Facebook poaching ex-Apple engineers for social phone tip insiders

The Facebook phone rumor has resurfaced once again, with the social site reportedly headhunting key mobile-skilled staff from Apple and others to work on a handset supposedly due by next year. Although several devices have launched with tight Facebook integration, and the Facebook app is available on most significant smartphone platforms, according to Bits' insiders the internal efforts have redoubled as Zuckerberg & Co. push for a handset or handsets that they retail core control over.

At its core, the Facebook phone project is supposedly the device and platform codenamed "Buffy", details of which leaked late last year. Named after the Buffy the Vampire Slayer series, the device began with an aborted attempt to create a phone from scratch, abandoned after Facebook realized quite how difficult mastering modem hardware, mobile processors and code, not to mention hardware industrial design, could be.

"Now, the company has been going deeper into the process," Bits writes, "by expanding the group working on Buffy, and exploring other smartphone projects too, creating a team of seasoned hardware engineers who have built the devices before."

Long-standing speculation and supposed leaks have indicated HTC's involvement in the ongoing project, with the company tipped to be handling hardware while Facebook teams build a custom HTML5 interface, possibly on top of Android. However, Facebook is believed to have quietly poached more than six ex-iPhone engineers and an ex-iPad engineer – skilled in either hardware or software – recently, suggesting the company is ramping up its own development abilities.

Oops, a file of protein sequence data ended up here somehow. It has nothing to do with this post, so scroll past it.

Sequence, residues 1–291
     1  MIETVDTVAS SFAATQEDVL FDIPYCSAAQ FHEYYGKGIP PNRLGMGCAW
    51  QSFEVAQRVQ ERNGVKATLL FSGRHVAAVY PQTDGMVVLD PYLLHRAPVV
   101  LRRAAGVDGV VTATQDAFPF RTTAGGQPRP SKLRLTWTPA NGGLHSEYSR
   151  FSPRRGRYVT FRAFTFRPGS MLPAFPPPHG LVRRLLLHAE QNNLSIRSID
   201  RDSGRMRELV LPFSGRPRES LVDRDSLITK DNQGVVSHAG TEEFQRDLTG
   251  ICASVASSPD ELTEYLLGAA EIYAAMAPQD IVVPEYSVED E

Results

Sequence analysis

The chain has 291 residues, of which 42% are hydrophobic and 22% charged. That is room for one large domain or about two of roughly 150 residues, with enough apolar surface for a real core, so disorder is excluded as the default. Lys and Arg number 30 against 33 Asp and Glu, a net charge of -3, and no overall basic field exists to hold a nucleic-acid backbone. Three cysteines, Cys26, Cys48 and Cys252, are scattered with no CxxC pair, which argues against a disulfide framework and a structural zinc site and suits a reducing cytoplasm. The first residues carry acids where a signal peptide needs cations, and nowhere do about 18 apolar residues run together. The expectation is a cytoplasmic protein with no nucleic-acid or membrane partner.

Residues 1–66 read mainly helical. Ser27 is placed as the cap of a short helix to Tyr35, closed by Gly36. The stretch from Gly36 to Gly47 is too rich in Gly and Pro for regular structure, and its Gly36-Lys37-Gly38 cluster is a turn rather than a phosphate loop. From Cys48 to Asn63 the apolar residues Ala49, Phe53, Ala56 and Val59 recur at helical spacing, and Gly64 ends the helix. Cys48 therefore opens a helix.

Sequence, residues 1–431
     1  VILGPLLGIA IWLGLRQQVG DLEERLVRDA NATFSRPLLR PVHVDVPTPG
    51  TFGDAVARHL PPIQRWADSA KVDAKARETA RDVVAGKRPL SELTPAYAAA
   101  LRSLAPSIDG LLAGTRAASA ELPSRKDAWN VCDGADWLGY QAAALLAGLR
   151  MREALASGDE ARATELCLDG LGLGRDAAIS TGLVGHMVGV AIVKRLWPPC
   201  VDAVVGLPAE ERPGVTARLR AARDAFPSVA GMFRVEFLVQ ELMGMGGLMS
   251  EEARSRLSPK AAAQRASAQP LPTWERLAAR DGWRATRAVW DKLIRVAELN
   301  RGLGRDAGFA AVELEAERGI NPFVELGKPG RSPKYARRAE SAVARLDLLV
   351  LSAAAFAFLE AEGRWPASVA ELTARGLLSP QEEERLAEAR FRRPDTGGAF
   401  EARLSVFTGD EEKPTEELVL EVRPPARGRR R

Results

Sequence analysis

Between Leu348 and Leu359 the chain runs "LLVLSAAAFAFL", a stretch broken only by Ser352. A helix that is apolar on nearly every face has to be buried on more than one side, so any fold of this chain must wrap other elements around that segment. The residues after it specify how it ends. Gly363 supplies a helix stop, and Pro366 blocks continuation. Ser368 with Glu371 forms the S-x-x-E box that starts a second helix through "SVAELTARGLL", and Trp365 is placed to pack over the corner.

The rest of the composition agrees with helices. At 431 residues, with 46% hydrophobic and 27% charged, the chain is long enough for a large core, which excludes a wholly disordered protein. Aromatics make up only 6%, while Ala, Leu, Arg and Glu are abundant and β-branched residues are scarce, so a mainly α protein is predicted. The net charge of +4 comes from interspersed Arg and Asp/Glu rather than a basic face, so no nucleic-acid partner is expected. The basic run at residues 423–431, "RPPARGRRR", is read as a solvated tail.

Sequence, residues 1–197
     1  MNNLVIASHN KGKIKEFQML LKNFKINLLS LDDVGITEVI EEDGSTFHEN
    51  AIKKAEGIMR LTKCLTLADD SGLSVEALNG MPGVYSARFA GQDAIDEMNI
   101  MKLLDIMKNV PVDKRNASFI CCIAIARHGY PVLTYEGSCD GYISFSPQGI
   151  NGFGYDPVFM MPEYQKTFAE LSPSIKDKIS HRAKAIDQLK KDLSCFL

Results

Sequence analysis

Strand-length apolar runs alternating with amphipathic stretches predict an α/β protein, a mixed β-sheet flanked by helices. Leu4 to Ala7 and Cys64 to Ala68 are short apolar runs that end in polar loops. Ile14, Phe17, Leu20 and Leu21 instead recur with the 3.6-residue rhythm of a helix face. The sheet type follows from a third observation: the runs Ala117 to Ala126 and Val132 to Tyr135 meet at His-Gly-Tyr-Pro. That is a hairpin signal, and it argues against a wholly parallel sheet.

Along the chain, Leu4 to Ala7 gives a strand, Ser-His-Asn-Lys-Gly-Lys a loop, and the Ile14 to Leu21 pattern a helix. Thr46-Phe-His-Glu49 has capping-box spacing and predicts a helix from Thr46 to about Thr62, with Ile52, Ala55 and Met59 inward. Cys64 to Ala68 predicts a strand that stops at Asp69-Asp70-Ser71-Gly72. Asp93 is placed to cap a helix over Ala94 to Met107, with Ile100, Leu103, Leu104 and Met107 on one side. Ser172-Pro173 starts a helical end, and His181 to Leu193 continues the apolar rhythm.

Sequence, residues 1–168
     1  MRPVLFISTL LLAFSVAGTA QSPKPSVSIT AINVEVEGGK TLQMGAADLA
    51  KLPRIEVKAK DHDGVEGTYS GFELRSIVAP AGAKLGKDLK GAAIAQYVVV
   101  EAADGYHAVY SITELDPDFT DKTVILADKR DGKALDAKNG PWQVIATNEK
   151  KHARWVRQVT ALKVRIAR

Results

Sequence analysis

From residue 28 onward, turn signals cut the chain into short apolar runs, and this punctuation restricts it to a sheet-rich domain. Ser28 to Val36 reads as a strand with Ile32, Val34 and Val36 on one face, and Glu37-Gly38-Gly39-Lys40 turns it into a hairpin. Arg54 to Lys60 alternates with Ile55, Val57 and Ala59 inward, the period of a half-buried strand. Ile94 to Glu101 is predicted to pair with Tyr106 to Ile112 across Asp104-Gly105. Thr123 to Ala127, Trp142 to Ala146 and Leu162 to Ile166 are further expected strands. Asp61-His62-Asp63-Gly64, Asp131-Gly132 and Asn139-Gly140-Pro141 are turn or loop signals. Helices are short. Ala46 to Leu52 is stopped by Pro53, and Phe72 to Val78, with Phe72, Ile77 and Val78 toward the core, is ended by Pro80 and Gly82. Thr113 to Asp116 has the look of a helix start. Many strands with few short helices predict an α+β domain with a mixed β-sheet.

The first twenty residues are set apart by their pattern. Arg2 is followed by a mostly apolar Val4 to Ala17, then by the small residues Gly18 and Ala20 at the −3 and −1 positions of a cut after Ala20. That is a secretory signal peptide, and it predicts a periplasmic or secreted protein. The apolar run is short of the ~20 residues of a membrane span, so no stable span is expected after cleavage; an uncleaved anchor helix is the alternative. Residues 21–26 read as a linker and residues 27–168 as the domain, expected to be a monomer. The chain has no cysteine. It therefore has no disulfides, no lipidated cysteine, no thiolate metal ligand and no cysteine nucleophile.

That recruitment has been purposefully kept discrete, so the sources claim. Facebook opted not to advertise for new engineers publicly, instead approaching specific talent so as to prevent more widespread talk of the project.

"Mark is worried that if he doesn't create a mobile phone in the near future that Facebook will simply become an app on other mobile platforms" a Facebook employee told the site. Underwhelming mobile strategy has been a key concern of Facebook execs, cited as a primary risk in the social site's pre-IPO filing, along with poor monetization of a growing mobile userbase.

Around half of Facebook's monthly access comes from a mobile device, and that number is growing, though currently it has little to no advertising strategy to benefit from them. Earlier this month, the company launched the Facebook App Center, packaging web and native mobile apps within its own social wrapper so as to encourage sharing and adoption of its own Facebook Credits system.

That's unlikely to be sufficient, however, though whether a full Facebook-led mobile device – or even a range of devices – is the best direction remains to be seen. Other speculation has pointed to a potential acquisition, with Facebook using some of its $16bn IPO cash to grab one of the smaller phone companies such as HTC or RIM. Again, though, that could well be an over-reaction and one which Facebook would be ill-equipped to manage.